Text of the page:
A big chunk of Antarctica could find itself quite far from home.
When large chunks of the ice shelves in the frozen north of the Earth break off and fall into the ocean, it’s sort of like a scab popping off of a healing wound. Those chunks hold back large quantities of ice and water contained within the glaciers they connect to, so when they break off, all of that extra ice and water flows into the ocean, raising the global sea level. We’ve known about this for a while now as the global climate continues to increase, but according to a new study, if the climate climbs much higher, then we could be in for some serious surf.
“Ice shelves are important buffers preventing glaciers on land from flowing freely into the ocean and contributing to sea level rise,” explained Ella Gilbert, lead author of a new climate study published in Geophysical Research Letters. “When they collapse, it’s like a giant cork being removed from a bottle, allowing unimaginable amounts of water from glaciers to pour into the sea.”
According to the study, if the global climate were to exceed 4 degrees Celsius, more than a third of all of Antarctica’s ice shelves could be at genuine risk of collapsing. That also includes roughly 67% of the full surface area of the Antarctic Peninsula.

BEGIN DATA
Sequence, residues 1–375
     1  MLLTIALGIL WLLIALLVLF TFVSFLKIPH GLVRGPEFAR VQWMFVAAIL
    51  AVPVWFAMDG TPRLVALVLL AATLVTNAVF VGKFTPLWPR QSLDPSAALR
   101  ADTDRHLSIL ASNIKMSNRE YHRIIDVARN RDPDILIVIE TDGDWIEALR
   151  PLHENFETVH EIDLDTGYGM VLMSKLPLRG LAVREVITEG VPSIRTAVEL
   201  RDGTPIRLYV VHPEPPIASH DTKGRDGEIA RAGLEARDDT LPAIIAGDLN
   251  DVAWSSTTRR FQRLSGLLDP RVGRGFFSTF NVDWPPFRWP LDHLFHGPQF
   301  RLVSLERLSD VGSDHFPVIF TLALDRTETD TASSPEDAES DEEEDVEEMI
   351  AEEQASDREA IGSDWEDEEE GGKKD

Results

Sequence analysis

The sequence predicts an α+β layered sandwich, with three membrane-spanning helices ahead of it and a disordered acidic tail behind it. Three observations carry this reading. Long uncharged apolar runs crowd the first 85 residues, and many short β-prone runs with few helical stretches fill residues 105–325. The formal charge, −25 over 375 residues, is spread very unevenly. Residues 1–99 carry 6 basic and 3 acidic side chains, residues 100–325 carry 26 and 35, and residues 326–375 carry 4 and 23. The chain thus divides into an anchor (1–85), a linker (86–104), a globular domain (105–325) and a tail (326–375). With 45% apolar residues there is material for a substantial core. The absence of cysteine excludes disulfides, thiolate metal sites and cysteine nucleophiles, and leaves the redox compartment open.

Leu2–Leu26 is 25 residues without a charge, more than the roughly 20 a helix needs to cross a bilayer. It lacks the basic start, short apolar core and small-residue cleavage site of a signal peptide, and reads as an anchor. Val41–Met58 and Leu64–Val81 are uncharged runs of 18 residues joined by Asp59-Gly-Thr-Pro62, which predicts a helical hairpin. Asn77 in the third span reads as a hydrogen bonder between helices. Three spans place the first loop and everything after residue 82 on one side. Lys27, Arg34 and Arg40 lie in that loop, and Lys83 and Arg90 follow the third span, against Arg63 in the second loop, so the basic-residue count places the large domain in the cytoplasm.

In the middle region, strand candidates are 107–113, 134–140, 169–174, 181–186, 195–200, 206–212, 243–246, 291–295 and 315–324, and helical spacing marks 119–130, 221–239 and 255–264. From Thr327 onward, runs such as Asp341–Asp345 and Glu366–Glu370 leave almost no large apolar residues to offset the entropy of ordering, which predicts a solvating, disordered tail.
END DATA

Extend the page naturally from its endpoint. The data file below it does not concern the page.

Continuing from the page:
Antarctic ice shelves are increasingly at risk of collapse as global temperatures rise, with implications for sea level rise. @Dr_Gilbz@UniRdg_Met writes for @ConversationUK about how the enormous fractures occur and what we can do about ithttps://t.co/Qet2tFBs0c
— Reading Uni News (@UniRdg_News) April 9, 2021
“We know that when melted ice accumulates on the surface of ice shelves, it can make them fracture and collapse spectacularly,” added Gilbert. “Previous research has given us the bigger picture in terms of predicting Antarctic ice shelf decline, but our new study uses the latest modelling techniques to fill in the finer detail and provide more precise projections.”
If those shelves were to break off, coastal cities all over the world would be in danger of being completely consumed by the rising ocean tides. First-world countries may be able to mitigate this be relocating populations, but not all coastal countries have the resources available for such a relocation. Participants in the Paris Climate Agreement are trying to adjust their targets and get the global climate down to at least 2 degrees Celsius.